SIU Letter to Minister of Transportation Marc Garneau: Violations of the Marine Personnel Regulations by CTMA

December 9, 2019

 

December 6, 2019

The Honourable Marc Garneau

Minister of Transport

330 Sparks Street

Ottawa, ON KIA ONS

 

Re:      Violations of the Marine Personnel Regulations by the Cooperative de transport maritime et aerien (CTMA)


Dear Minister:

I write on behalf of the Seafarers’ International Union of Canada (“SIU”) to request that you take action concerning certain violations, as detailed below, of the Marine Personnel Regulations, SOR/2007-115 (the “Regulations”) that appear to have been committed by the Cooperative de transport maritime et aerien (“CTMA”).

The SIU represents the majority of unlicensed seafarers working aboard unlicensed vessels on the Great Lakes, the St. Lawrence River, the East Coast, and the West Coast. Since 1972, the SIU has been the certified bargaining representative of the unlicensed employees employed on vessels operated by the CTMA.

The principal activity of the CTMA is the transportation of persons and goods between the Magdalen Islands and other parts of Quebec and Canada. The CTMA operates a fleet of passenger and cargo vessels, including the Madeleine, a passenger ferry, and the Clipper Ranger, a cargo vessel.

By way of background, since September 2019, the CTMA has employed seven temporary foreign workers (“TFWs”) from the Mauritius Islands on its vessels. Their employment is in violation of the SIU-CTMA Collective Agreements, and the SIU has accordingly filed a grievance. The SIU has also sought judicial review in the Federal Court of Canada of the decision to issue work permits to allow the TFWs to work in Canada.

In addition to immigration and labour related concerns, the SIU is also concerned that the TWFs being employed by CTMA on its vessels do not appear to possess the relevant certifications that are required under the Regulations in connection with duties that they are or have performed.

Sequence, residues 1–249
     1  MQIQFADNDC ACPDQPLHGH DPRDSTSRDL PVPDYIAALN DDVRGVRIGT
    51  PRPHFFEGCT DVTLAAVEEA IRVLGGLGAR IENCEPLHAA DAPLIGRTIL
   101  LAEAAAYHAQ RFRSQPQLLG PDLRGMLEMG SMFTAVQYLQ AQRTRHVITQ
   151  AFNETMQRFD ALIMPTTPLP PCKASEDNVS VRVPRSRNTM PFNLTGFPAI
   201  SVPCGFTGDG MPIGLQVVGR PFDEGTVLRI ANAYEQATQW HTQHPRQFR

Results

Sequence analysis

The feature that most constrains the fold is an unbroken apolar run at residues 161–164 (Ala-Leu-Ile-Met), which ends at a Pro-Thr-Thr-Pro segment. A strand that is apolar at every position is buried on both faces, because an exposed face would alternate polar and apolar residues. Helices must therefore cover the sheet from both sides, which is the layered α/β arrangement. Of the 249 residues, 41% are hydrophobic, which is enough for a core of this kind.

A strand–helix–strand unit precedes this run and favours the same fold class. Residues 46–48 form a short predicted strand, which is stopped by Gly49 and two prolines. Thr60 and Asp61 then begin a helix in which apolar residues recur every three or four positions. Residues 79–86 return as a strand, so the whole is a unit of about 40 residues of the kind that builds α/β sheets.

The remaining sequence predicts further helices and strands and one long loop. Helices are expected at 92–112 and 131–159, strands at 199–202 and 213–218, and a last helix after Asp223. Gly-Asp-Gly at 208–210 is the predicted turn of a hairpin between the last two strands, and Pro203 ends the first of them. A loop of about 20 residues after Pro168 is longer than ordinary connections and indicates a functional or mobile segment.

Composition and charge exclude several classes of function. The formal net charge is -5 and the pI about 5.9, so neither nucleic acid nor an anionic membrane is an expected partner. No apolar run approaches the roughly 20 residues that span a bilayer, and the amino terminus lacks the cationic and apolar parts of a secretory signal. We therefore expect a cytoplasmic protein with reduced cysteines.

The SIU is aware of two instances of specific concern:

  • the CTMA employed five TFWs on the Madeleine with passenger safety related duties who did not possess Passenger Safety Management certifications or endorsements; and
  • the CTMA employed on TFW on the Clipper Ranger as an Oiler, as part of a minimum manning complement, who did not possess an Engine-room Rating certification.

These instances are discussed in greater detail below.

Seafarers Employed on the Madeleine Without Required Passenger Safety Management Certificate

Section 229 of the Regulations provides that, in the case of a roll on-roll off vessel that carries more than 12 passengers and that is more than 500 gross tonnage, and that is engaged in a voyage other than a sheltered waters voyage, crew members who are engaged in any of the following tasks must hold a Passenger Safety Management certificate or endorsement:

  • loading, discharging or securing cargo;
  • closing hull openings;
  • ensuring or assisting passenger safety in emergency situations;
  • assisting in embarking or disembarking passengers; and,
  • providing direct service to passengers in passenger

The Madeleine is a roll on-roll off ferry that carries up to 755 passengers and that has a gross tonnage of 9700 t. 1 The vessel regularly travels between the Magdalen Islands and Prince Edward Island, which is a near coastal voyage, Class 2. Thus, the requirements of section 229 of the Regulations clearly apply to the crew of the Madeleine.

The SIU has obtained a muster list for the Madeleine, dated October 24, 2019, a copy of which is enclosed hereto. This document shows that five TFWs (xxxxxxx, xxxxxxxx, xxxxxxxx, xxxxxxxx, and xxxxxxxxx) were assigned to the Madeleine as members of the “Equipage Securite” (Security Team). The document also indicates that during an emergency, these individuals would be assigned to the task of”aide aux passagers” (assisting passengers). Therefore, pursuant to section 229 of the Regulations, these individuals are obligated to hold a Passenger Safety Management certificate or endorsement.